I love routine, and sometimes even things that are bad for us are hard to let go of.
This past week I’ve spent a lot of time mentally combing through my past. More specifically, at decade-old memories. When I was nineteen years old I took a course and became a certified nurse’s aide (CNA). I had been taking general courses through Olympic college with the idea of becoming a nurse. I became a CNA to see what it was like, in the field, before pegging myself to this specific line of work. I was a single mom, with one baby son, and nursing paid well, was always in demand, and offered flexible scheduling.
I would spend three months working in the long-term care wing of a state-run nursing home. I worked with people that knew this was their last home. I listened while helping them bathe, dress, and walk to their appointments. They talked about their families, their memories, their hobbies. But what stuck to my memories, like rust to metal, were their regrets. They wished they had worked less. They wished they had traveled more. Wished they had made more time for family and friends. The wishes were long and often painful. There were few truly happy people there, though I should add this was a state-run facility and many people that were there had no other options and no family that could take them. It was purgatory, and their words stick with me to this day, but not so much as their expressions do.
It hit me, hard, and while I was engaged at the time I broke it off and I changed my major back to English. I wanted to pursue what was important to me. I wanted to make decisions that would lead to a happy life even if they meant things were uncomfortable at the time. I would make decisions that didn’t turn out so well, but I risked it. I didn’t want to let opportunities pass.
I have gotten better at noting red-flags, though while my second marriage failed, I am still happier for it than I would have been otherwise. My children are the best of me. They are the world and there are worlds within them.
But what now? I spent the whole last week considering the last decade. How much time I spent dwelling on the negative. How often I let my thoughts drive me – my emotions, too. What did I write in the last decade? Writing is so important to me, what have I accomplished? I can show you in less than 10 pages how much I’ve written in the last decade. Time is a gift – an expensive commodity- and in my last decade I did a lot of good things, but I also missed opportunities to grow. And this is when a little reflection leads to a rude redirection.
I quit drinking. It was a crutch- some kind of response to social anxiety, some melancholy, or stress in general. But I look back at the last decade and see many, many things that might have gone better if I hadn’t been drinking. Or may not have occurred at all. I know too much now to continue drinking, as the initial band aid it offers soon gives way to crippling depression and anxiety. If I look at years 20-30 and the negatives that could be attributed to alcohol consumption, and I take out the alcohol consumption, then 31-40 should be better. I broke some things that cannot be repaired, though, and that regret will linger.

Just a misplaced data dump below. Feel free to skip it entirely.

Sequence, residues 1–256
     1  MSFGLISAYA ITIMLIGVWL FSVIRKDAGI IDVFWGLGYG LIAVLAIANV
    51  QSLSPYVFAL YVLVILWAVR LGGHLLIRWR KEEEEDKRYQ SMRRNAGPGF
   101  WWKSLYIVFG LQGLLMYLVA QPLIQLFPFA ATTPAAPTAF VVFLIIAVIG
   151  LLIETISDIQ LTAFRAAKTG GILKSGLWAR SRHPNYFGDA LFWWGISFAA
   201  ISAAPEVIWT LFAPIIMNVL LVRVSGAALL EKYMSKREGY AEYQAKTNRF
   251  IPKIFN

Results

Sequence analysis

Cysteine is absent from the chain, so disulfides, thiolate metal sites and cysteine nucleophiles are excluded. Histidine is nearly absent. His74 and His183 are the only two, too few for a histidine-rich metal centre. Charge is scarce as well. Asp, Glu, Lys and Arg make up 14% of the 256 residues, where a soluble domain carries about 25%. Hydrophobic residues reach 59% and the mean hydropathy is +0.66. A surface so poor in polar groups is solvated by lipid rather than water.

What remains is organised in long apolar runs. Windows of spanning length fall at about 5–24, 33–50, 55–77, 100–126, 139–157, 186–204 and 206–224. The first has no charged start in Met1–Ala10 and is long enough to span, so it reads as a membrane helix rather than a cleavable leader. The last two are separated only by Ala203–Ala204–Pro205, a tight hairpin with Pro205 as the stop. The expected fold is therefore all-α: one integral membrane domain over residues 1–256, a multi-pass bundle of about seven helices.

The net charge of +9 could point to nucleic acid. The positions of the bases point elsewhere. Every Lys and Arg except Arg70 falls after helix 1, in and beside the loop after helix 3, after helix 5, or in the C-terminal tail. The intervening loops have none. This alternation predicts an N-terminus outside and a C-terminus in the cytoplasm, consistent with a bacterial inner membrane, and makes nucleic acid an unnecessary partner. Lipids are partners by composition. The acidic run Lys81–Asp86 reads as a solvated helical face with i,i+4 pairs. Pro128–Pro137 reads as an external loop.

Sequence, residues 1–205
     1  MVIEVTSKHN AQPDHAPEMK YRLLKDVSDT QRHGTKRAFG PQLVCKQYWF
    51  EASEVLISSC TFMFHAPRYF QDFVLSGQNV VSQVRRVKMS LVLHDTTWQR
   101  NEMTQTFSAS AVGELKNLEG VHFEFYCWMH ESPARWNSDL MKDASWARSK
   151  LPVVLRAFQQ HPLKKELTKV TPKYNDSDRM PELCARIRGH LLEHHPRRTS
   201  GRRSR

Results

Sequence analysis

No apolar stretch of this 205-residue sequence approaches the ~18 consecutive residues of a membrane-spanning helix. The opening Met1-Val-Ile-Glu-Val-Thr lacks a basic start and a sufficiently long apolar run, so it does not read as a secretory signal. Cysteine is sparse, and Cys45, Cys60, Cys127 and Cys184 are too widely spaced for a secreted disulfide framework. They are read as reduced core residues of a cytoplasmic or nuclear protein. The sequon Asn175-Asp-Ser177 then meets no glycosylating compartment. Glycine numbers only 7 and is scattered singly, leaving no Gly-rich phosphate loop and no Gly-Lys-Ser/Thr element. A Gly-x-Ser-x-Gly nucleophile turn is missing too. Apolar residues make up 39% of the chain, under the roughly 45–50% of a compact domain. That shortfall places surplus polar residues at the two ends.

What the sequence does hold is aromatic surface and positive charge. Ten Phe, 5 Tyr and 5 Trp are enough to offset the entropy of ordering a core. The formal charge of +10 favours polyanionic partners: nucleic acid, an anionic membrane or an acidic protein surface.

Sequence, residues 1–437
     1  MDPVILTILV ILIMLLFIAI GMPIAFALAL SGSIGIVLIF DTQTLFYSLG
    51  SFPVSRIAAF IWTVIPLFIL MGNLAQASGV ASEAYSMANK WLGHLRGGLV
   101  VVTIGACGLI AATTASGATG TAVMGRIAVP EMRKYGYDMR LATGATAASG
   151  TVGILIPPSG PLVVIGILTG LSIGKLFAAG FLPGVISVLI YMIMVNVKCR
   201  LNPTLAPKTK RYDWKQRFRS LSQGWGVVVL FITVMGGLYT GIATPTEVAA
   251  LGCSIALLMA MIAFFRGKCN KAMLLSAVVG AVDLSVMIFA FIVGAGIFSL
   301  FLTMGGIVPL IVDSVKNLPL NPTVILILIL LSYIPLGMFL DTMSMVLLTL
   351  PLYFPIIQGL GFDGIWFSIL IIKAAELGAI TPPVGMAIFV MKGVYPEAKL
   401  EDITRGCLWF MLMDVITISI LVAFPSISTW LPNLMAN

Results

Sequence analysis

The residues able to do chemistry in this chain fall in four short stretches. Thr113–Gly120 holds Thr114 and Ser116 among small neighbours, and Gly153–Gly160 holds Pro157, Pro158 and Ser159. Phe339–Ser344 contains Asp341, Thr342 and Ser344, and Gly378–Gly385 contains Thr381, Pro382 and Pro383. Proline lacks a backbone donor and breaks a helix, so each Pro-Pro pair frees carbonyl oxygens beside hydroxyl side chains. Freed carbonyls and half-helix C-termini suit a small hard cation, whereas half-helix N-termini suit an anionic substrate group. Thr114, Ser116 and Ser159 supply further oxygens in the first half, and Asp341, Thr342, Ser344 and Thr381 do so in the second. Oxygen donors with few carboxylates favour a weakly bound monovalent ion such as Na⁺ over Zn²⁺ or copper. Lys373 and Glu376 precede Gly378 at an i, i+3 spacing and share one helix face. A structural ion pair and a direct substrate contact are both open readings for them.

I don’t know that depression and anxiety can be reduced so much in the next decade but I know there are steps to managing them. Not letting them run the circus. I’ve been working hard lately on redirecting thoughts when I start to dwell or overthink in certain areas. I make lists of what I CAN do, and I do my best. I had spent so much time in the previous decade stressing things when often nothing happened. All that mental energy, all that time in a negative space, achieved nothing. I vaguely remember a quote to the effect of “You never kill your demons, you only keep them on a leash.” I have no doubt I’ll always have lows and bursts of anxiety but I don’t have to let them dictate.
Self-care. That whole idea. Eating right and exercising. Who knew giving your body better tools made it perform better? I’ve been through months before of eating a whole-foods diet and exercising regularly and I KNOW it helps a ton, so why not go back to it? Life is short, I’ll still sometimes cherish a cupcake, but I can, as a rule, do things I know will help keep things in balance.
Discipline means writing more, and spending more time in general on extended goals. Namely, getting a draft done this year for my novel, as well as continuing to work on short stories to throw at places. Family time means being more present and appreciating my kids even when I want to sink into the couch after a long day at work. My eleven-year-old is a consistent reminder of how fast time goes. When he was small, when it was just me and him for 6 years, I always thought I’d get my shit together. Almost 6 years later I’m still struggling. We’re working on that.
I had meant to move before he reached junior high. Renton was never supposed to be it. But making what I make, and the school district being decent, compared, it looks like the fam is staying put. While there is some melancholy in there, I am relieved at having the decision made. It wasn’t a simple one.
The TL;DR version: I’m not entirely proud of the last decade. I wasted a lot of time and opportunities. That noted, I intend to do better in the following decade. Positivity being the key term. Discipline being the second. There are chances I lost out on. Sometimes there are no second chances. Only lessons. And should I see a different opportunity, I don’t want to make the same mistake twice.